PCR

Genotyping was performed by amplification refractory mutation system PCR (ARMS-PCR). The IL-12p40 promoter region was screened for two different already described alleles (GC/(GC) del(CTC TAA)ins) (rs17860508 [5]). The longer allele IL-12p40 pro1 is detected by the specific primer IL-12p40 5–8 (TGT CTC CGA GAG AGG CTC TAA), the 4 bp shorter allele IL-12p40 pro2 by IL-12p40 5–10 (TGT CTC CGA GAG AGG GCT GT). As generic 3′ primer IL12p40 3–5 (TGG AGG AAG TGG TTC TCG TAC) was used for both reactions (Primers from Eurogentec, Cologne, Germany). As control primers derived from the C reactive protein-gene CRP 3 and 5 were employed (CRP 3: CCA GCC TCT CTC ATG CTT TGG TTG GCC AGA CAG, CRP5: GGG TCG AGG ACA GTT CCG TGT AGA AGT GGA).

The reaction mix contained 10–20 ng genomic DNA, 1x PCR Buffer (Qiagen, Hilden, Germany, containing 15 mM MgCl2), 1.5 μl MgCl2 (25 mM), 0.5 μl dNTP 10 mM, 1U Top Taq DNA Polymerase (Qiagen Hilden, Germany), 5 pmol of each IL-12p40 primers and 2.5 pmol of each CRP primer. Taq activation was performed by an initial step of 95 °C (15 min), followed by 35 cycles (94 °C for 30s, 65 °C for 30s, 72 °C for 30s). PCR product was visualized in a 2.5 % agarose gel with 0.01 % ethidium bromide.

Statistics

Chi-square test (3x2) and two-sided Fisher’s t-test were performed using Prism 5.0 GraphPad software. P-values were considered significant when < 0.05, Odds ratios are cited with their 95 % confidence interval (CI). Bonferroni correction of the p-value was performed for multiple hypothesis testing. P-values were considered significant when < 0.008.

Results

No significant association of IL-12p40 pro polymorphism in patients with JIA compared to healthy subjects

A genotyping of the IL-12p40 pro polymorphism was performed in 883 patients with JIA and in 321 healthy controls.

There was neither a significant difference in the occurrence of the IL-12p40 promoter genotype nor in the distribution of alleles (see Table 1). Noteworthy is a clear but non-significant tendency of a higher prevalence of the genotype 1.1 in systemic arthritis (32.4 %) and in rheumatoid factor negative polyarthritis (30.5 %). In addition we found a clearly lower pro1.1 genotype (21.75 %) in favour of a high IL-12p40 pro2.2 genotype (25.8 %) in oligoarthritis, the same was true in enthesitis-related arthritis but here in favour of a higher IL-12p40 pro1.2 genotype (61 %). However there was no significant different distribution of genotypes between all JIA patients or the subtypes of JIA compared to healthy controls (Table 1).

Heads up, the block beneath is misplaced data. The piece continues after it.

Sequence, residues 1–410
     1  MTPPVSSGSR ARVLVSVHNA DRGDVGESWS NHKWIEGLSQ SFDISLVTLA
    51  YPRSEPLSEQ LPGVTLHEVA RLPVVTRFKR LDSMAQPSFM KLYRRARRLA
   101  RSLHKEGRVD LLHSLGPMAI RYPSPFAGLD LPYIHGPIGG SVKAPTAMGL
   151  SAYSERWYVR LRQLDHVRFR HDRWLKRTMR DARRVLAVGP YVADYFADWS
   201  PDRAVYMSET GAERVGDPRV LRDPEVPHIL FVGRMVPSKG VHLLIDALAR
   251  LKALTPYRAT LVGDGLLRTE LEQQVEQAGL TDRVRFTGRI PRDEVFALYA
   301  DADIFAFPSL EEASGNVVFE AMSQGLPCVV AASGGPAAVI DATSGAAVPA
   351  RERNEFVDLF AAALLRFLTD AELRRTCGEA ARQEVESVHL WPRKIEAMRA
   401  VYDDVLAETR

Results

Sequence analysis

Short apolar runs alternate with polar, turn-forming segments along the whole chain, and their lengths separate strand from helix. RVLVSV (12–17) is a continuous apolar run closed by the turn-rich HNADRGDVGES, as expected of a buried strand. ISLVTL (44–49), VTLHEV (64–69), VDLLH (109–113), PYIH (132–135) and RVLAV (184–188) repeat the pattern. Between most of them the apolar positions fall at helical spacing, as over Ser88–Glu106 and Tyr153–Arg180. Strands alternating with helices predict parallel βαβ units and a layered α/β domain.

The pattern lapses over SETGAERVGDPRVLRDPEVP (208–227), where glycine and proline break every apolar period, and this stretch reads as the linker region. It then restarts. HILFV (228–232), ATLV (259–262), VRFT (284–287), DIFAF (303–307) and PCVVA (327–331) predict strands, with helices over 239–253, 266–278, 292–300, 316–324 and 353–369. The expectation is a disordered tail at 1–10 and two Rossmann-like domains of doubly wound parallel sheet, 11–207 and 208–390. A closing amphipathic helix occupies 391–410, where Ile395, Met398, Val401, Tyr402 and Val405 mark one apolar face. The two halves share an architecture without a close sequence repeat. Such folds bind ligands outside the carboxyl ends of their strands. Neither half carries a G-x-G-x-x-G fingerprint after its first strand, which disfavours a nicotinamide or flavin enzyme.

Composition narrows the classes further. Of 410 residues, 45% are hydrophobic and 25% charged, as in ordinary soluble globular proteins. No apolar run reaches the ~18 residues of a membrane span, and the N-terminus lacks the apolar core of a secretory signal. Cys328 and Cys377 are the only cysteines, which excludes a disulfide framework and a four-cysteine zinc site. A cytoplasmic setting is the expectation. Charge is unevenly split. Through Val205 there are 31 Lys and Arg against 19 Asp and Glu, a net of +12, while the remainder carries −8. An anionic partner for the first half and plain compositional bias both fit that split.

Table 1

Distribution of genotypes IL-12p40 pro 1.1, IL-12p40 pro 1.2, IL-12p40 pro 2.2 and of alleles IL-12p40 pro 1 and IL-12p40 pro 2 in patients with a subtype of JIA and healthy controls (absolute number and percentage), all in Hardy-Weinberg equilibrium

 

No of patients (% of JIA)

IL-12 p40 pro1.1

IL-12 p40 pro1.2

IL-12 p40 pro2.2

Chi2-test p-value

Polyarthritis RF positive

29 (3.3 %)

6 (20 %)

12 (41 %)

11 (37.9 %)

0.2306

Polyarthritis RF negative

151 (17.1 %)

46 (30.46 %)

70 (46.36 %)

35 (23.17 %)

0.7842

Systemic arthritis

139 (15.7 %)

45 (32.4 %)

64 (46.0 %)

30 (21.6 %)

0.556

Oligoarthritis

469 (58.1 %)

102 (21,75 %)

246 (52.45 %)

121 (25,8 %)

0.1866

Psoriasis-related arthritis

29 (3.3 %)

7

15

7

0.92

Enthesitis-related arthritis

52 (5.9 %)

9 (17 %)

32 (61 %)

11 (21 %)

0.1932

Undifferentiated arthritis

14 (1.6 %)

4

7

3

 

All patients with JIA

883

219 (24.8 %)

446 (50.5 %)

218 (24.7 %)

0.654

Healthy individuals

321

88 (27.4 %)

157 (48.9 %)

76 (23.7 %)

 

Allele pro 1

JIA

884 (50.1 %)

0.432

Healthy Controls

333 (51.9 %)

Allele pro 2

JIA

882 (49.9 %)

Healthy Controls

309 (48.1 %)

Chi-square test was performed between subtypes and healthy controls

No significant association of the predominant genotype IL-12p40 pro1.1 in patients with systemic arthritis and polyarthritis compared to oligoarthritis

Comparing the genotypes IL-12p40 pro1.1 and IL-12p40 pro2.2 of patients with oligoarthritis to other all other subtypes of JIA there was no significant difference in distribution. The significantly higher IL-12p40 pro1.1 genotype seen in systemic arthritis or polyarthritis versus oligoarthritis in single comparison did not remain significant when tested for multiple comparison with the Bonferroni method (p 0.011 for systemic arthritis, p 0.03 for polyarthritis RF negative; p significant < 0.008).

By pooling the genotypes IL-12p40 pro1.2 and 2.2, we tested an association of IL-12p40 pro1.1 in systemic arthritis or polyarthritis versus oligoarthritis. The likelihood of the occurrence of genotype IL-12p40 pro1.1 in patients with systemic arthritis and RF-negative polyarthritis is nearly twice as high as in oligoarthritis (Fisher’s t-test for systemic arthritis: OR 1.722, CI 95 % 1.134-2.615, p 0.011, for polyarthritis RF negative OR 1.576, CI 95 % 1.046-2.376, p0.03, Fig. 1a). Testing of the homozygous genotypes IL-12p40 pro1.1 and pro2.2 substantiated this finding: the likelihood of prevalence of IL-12p40 pro 1.1 was 1.8 times higher in systemic arthritis (OR 1.779, CI 95 % 1.045 -3.029, p 0.034) but not for RF negative polyarthritis (OR 1.559 CI 95 % 0.934-2.603, p 0.089) compared to the distribution in oligoarthritis (Fig. 1c + d). However, again in Bonferroni correction for multiple comparison this did not remain significant (p < 0.008).
Fig. 1

Forest plots of OR and its 95 % CI: Relation of homozygous genotypes pro 1.1 (a) and pro2.2 (b) between subtypes of JIA and oligoarthritis. Comparison of distribution of genotype IL-12p40 1.1 vs 2.2 between JIA and healthy subjects (c) and between subtypes of JIA and Oligoarthritis. The depicted significant Odds-ratios were not significant in Bonferroni analysis, that requires p < 0.008